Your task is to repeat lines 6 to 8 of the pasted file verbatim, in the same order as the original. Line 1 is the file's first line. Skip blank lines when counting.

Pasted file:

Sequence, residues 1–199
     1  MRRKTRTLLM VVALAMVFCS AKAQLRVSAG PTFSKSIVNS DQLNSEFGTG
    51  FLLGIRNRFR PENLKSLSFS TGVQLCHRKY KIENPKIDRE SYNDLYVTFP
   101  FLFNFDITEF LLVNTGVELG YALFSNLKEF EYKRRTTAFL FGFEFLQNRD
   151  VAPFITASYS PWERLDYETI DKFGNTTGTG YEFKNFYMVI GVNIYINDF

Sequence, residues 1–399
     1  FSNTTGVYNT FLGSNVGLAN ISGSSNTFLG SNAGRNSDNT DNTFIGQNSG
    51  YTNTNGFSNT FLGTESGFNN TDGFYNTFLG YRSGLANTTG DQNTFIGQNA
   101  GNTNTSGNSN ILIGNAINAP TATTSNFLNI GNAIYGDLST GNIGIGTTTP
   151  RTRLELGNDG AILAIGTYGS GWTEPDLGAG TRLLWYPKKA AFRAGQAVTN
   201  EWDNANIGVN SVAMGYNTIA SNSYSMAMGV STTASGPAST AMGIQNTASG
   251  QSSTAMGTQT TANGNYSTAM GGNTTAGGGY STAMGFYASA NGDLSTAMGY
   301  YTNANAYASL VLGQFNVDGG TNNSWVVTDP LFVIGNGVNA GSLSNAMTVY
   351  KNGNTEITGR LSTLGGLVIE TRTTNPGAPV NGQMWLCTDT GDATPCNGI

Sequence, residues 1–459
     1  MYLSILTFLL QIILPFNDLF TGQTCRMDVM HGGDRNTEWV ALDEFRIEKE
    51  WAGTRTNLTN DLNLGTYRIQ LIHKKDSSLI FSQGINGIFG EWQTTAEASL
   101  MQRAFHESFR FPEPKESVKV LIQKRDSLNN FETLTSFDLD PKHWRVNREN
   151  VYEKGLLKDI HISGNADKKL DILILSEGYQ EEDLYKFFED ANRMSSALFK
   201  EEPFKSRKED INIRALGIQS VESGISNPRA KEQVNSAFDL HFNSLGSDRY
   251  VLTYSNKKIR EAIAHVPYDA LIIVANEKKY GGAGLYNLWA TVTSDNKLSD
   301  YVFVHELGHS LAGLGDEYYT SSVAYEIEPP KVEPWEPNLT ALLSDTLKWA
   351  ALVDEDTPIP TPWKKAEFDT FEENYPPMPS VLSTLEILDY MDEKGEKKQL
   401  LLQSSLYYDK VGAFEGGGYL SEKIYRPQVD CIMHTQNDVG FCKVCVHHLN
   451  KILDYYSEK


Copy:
Sequence, residues 1–399
     1  FSNTTGVYNT FLGSNVGLAN ISGSSNTFLG SNAGRNSDNT DNTFIGQNSG
    51  YTNTNGFSNT FLGTESGFNN TDGFYNTFLG YRSGLANTTG DQNTFIGQNA